Stocks slip as China moves to keep inflation in check
Stocks slumped Tuesday on a disappointing opening to earnings season and a move by China to restrain its economy.
The Dow Jones industrial average lost more than 35 points.
The market opened lower after the Chinese central bank unexpectedly told the country’s banks to set aside greater reserves in an effort to keep inflation under control and to prevent bubbles from developing in real estate and other markets.
Beijing’s action, by reducing the amount of money that Chinese banks can lend, is likely to rein in growth of the country’s economy, which has rebounded quickly from the global recession. But that could limit other countries’ exports to China, especially of raw materials.
As a result, commodity prices slid. The price of copper sank 2.7%. And on Wall Street, shares of raw-material producers led stocks down.
Also hurting U.S. stocks was a report late Monday from Alcoa of lower-than-expected fourth-quarter earnings because of rising energy costs. Shares of the aluminum giant tumbled 11%. Among other industrial stocks, Caterpillar was down 2.9%.
The Dow fell 36.73 points, or 0.3%, to 10,627.26, while the Standard & Poor’s 500 index dropped 10.76 points, or 0.9%, to 1,136.22.
The Nasdaq composite index sank 30.10 points, or 1.3%, to 2,282.31. The Russell 2,000 index of small-company stocks also lost 1.3%.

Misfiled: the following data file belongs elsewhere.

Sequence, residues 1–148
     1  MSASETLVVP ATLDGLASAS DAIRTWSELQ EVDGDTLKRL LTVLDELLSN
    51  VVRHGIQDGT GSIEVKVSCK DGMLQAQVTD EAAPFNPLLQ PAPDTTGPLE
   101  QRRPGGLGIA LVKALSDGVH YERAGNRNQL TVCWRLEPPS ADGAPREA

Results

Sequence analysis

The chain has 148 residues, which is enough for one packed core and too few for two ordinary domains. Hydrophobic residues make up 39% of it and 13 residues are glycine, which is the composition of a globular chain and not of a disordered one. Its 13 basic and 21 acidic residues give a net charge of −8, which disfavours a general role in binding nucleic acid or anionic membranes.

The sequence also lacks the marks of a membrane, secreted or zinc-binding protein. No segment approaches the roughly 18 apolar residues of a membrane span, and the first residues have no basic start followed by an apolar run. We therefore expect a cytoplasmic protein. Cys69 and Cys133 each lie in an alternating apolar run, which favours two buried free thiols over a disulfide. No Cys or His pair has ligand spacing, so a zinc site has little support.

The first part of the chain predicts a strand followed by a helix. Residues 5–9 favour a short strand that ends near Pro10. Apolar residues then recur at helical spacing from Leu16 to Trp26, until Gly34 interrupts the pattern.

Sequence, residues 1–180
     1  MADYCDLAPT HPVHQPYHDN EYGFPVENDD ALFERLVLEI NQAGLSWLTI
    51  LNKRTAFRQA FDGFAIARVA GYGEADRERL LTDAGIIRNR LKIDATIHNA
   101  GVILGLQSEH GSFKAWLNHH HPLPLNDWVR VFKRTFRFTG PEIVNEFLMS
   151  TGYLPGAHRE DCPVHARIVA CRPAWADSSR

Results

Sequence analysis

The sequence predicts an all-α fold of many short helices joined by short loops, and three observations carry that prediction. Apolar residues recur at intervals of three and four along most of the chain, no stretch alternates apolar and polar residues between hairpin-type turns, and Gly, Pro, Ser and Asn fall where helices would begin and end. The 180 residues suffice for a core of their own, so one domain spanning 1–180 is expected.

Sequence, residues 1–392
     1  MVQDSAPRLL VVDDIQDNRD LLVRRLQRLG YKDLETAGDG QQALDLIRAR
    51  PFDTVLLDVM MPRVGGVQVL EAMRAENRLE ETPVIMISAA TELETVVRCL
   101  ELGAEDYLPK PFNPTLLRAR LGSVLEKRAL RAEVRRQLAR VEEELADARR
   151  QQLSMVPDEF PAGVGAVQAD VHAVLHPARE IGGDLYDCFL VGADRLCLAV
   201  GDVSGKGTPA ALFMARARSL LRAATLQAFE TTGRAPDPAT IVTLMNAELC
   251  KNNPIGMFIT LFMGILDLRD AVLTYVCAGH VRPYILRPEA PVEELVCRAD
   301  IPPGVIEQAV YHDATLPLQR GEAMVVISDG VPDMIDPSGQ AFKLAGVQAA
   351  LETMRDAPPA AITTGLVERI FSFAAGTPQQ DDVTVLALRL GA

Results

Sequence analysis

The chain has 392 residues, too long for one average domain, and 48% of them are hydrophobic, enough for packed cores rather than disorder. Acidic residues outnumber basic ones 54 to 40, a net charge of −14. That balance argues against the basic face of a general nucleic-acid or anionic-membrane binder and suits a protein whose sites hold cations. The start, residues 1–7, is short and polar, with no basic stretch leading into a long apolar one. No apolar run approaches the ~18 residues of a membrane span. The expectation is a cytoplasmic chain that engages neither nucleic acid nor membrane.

Five stocks fell for every two that rose on the New York Stock Exchange.
It was the first down day of the year for the S&P 500, which had risen 2.8% in the first six trading sessions of January. (Tuesday was the Dow’s second down day.)
“You have yourself the first broad-based pullback of 2010,” said Todd Clark, director of trading at Nollenberger Capital Partners, an investment firm in San Francisco.
Banking stocks lost ground after Obama administration officials indicated that they would seek to tax the profits that the banks have recorded in the last year as they have recovered from the financial crisis. Banks are among the major companies that are scheduled to begin releasing their fourth-quarter earnings reports this week.
Bank of America and Citigroup sank more than 3%, while Wells Fargo dropped 2.5% and JPMorgan Chase fell 2.3%.
Treasury yields dropped along with share prices, suggesting that some investors were moving from stocks into the perceived safety of U.S. government debt. The yield on the benchmark 10-year Treasury note fell to 3.71% from 3.81% late Monday.
In Europe, key stock indexes slid 0.7% in Britain, 1.1% in France and 1.6% in Germany.